I just get in a phase sometimes and I can’t stop.
I think I’ve made baked doughnuts 3 or 4 times since my first success a few weeks ago. But I’m kind of in love!
They’re so easy to pick up and eat, and they’re not messy. I like mine totally covered in glaze rather than frosted, as the glaze firms up and keeps all the moisture inside the doughnut.
So Cinco de Mayo isn’t something we really celebrate over here.
But sometimes holidays are more of an excuse to experiment with different cuisines or types of food than a big huge celebration.
I love Mexico.
I’ve been to Mexico 3 times, but only once to Resort Mexico. The other two times I went to Mexico was to do things like help build houses, work in orphanages, run kids camps, and things like that. And, I have to say, I love Real Mexico.
One of the things I loved most about Real Mexico was the food – it is WAY better than Resort Mexico food. I just don’t think anything compares to tasting food made by the people who really know how to make it. Everything I thought I knew about Mexican food? Not what Mexican food was really all about.
Fresh tortillas, tres leches cake (AKA, pretty much the most amazing thing you could ever want to put in your mouth), fish tacos, tortilla soup, etc., etc., etc.
I remember the incredible pastry shops and people selling fresh cinnamon sugar doughnuts right on the street for 25 cents.
And I don’t think I’ve ever actually had Mexican Hot Chocolate.
Ever since I made this Flourless Mexican Chocolate Cake, I’ve been intrigued by the combination of flavors. For Cinco de Mayo, I wanted to transform them into a doughnut. I used just a tiny bit of cayenne, and it’s really subtle. If you really like spice with your chocolate, you can definitely increase it.
You can use whichever hot chocolate powder is your favorite – with marshmallows, without marshmallows, dark chocolate, milk chocolate – or even homemade. Adjust the flavors to your tastes as you go: if you start small with the spice in the doughnut, taste them when they come out. If you want to add more cinnamon and cayenne to the glaze to enhance the flavors? Go for it!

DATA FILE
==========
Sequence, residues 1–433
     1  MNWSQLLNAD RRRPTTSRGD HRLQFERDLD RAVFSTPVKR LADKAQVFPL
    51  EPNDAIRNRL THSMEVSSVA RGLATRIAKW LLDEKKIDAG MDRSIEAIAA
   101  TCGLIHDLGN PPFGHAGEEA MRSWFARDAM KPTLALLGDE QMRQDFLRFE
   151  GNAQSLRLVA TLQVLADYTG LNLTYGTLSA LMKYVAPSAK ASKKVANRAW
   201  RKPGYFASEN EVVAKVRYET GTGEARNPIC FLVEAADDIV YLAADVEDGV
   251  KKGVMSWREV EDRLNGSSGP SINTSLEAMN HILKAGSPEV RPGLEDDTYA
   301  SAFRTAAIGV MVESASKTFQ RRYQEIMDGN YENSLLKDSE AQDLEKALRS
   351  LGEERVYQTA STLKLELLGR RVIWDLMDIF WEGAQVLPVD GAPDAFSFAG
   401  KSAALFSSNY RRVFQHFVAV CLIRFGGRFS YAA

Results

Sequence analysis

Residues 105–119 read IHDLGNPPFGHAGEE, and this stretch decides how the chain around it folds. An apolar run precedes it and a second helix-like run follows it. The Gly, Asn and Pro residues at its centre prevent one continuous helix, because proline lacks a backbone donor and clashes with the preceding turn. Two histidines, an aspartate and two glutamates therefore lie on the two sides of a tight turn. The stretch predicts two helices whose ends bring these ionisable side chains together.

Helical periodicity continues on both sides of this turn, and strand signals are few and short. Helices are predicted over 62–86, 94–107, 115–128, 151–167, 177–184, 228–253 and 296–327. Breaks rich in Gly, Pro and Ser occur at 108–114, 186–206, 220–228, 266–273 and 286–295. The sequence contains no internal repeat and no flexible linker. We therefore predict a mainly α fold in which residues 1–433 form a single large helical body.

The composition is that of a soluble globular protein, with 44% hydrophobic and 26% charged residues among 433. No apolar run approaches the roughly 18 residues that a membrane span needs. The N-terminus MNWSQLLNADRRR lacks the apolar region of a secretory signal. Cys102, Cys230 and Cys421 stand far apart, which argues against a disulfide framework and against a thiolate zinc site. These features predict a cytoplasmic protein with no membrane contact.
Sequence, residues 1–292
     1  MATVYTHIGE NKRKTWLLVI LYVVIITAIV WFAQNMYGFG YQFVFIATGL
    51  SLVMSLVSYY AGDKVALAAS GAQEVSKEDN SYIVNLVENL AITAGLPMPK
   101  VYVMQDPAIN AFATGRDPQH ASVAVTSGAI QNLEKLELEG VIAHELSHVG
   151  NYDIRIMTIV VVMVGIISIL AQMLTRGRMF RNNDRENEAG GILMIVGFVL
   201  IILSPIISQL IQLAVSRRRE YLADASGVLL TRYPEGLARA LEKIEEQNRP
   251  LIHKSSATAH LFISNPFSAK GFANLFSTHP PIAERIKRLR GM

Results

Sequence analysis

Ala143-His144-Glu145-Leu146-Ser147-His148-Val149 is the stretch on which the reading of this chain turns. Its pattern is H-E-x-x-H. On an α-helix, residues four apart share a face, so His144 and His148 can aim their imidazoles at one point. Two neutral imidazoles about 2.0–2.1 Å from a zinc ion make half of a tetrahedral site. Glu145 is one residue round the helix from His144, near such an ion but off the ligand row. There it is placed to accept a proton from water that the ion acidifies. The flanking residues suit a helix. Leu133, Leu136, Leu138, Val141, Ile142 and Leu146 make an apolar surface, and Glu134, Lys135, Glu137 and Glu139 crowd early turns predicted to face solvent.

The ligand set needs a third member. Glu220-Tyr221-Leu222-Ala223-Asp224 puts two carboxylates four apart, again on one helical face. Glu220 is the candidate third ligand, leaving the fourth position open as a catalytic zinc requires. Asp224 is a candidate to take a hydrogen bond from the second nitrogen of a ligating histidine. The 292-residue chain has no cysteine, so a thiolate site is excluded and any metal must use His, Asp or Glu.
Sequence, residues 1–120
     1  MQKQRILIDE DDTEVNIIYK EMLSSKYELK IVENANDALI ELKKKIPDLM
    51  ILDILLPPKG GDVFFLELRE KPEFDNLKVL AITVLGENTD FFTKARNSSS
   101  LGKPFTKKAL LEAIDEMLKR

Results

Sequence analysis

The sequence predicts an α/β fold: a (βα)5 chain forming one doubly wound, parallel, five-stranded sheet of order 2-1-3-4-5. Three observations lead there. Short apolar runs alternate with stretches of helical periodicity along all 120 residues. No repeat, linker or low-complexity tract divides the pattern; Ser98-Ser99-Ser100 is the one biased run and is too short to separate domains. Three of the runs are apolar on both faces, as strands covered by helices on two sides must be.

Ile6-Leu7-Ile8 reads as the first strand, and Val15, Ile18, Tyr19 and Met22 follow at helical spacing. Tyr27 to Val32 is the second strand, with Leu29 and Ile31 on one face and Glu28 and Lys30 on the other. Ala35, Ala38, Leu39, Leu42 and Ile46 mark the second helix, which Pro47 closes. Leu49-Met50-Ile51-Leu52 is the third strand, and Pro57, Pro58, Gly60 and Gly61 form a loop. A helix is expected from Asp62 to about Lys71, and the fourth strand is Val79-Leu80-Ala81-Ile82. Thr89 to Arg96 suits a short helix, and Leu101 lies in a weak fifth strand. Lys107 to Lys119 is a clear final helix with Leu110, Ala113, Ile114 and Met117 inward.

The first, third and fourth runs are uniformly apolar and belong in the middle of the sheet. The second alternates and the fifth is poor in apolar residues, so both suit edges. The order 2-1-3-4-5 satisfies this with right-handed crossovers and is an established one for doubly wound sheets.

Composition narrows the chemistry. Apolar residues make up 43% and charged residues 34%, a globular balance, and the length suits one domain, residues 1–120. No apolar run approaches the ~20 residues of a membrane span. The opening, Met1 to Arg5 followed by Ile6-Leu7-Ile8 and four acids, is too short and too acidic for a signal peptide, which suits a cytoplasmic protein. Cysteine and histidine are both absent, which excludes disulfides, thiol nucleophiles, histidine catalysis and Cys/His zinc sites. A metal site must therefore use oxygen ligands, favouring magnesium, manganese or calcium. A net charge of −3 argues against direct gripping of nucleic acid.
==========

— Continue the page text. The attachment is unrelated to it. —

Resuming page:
Mexican Hot Chocolate Baked Doughnuts
Mexican Hot Chocolate Baked Doughnuts: fudgy chocolate doughnuts with cinnamon and cayenne. A sweet treat with a hint of spice -- perfect for your Mexican fiesta! www.thereciperebel.com
- 1/3 cup cocoa powder
- 1/3 cup hot chocolate powder
- 1 3/4 cups all-purpose flour
- 1 1/4 cups lightly packed light brown sugar
- 1 teaspoon baking powder
- 1 teaspoon baking soda
- 1/2 teaspoon salt
- 1 tsp cinnamon
- 1 pinch – 1/4 tsp cayenne pepper
- 2 large eggs
- 3/4 cup buttermilk (or use regular milk)
- 2 teaspoons vanilla
- 2 teaspoons white vinegar
- 1/3 cup vegetable oil
- 1 1/2 cups powdered icing sugar
- 1/2 cup hot chocolate powder
- 4 tbsp boiling water
- 2-3 tbsp milk
- Additional cinnamon and cayenne if desired
- Chocolate sprinkles or marshmallows if desire
- Preheat oven to 375 degrees F and lightly grease doughnut pan.
- In a large mixing bowl, whisk together cocoa, hot chocolate powder, flour, sugar, baking powder, baking soda, salt, cinnamon and cayenne.
- Add eggs, buttermilk, vanilla, vinegar and oil and stir until combined (don’t overmix, but make sure everything is combined evenly).
- Scoop into a large piping bag or freezer bag (or you can just spoon it into the pans – I find piping it easier) and pipe a circle around each doughnut hole. Bake for 8-9 minutes until a toothpick comes out with moist crumbs or dry (not batter!).
- Let sit in the pan a few minutes before removing to a wire rack to cool. (Refill the doughnut pan if necessary).
- For the glaze, whisk the sugar, hot chocolate powder, and boiling water in a medium bowl until smooth. Add 2-3 tbsp milk and whisk until you reach desired consistency. Add additional cinnamon and cayenne to taste if desired.
- Dip each doughnut into the glaze, then overturn, place on a wire rack and add sprinkles and marshmallows if desired(I recommend doing it this way rather than dipping the doughnut into the candies because then the sprinkles become too wet and it’s difficult to stick them on the rest).
- Let set on the counter for 2 hours for the glaze to set.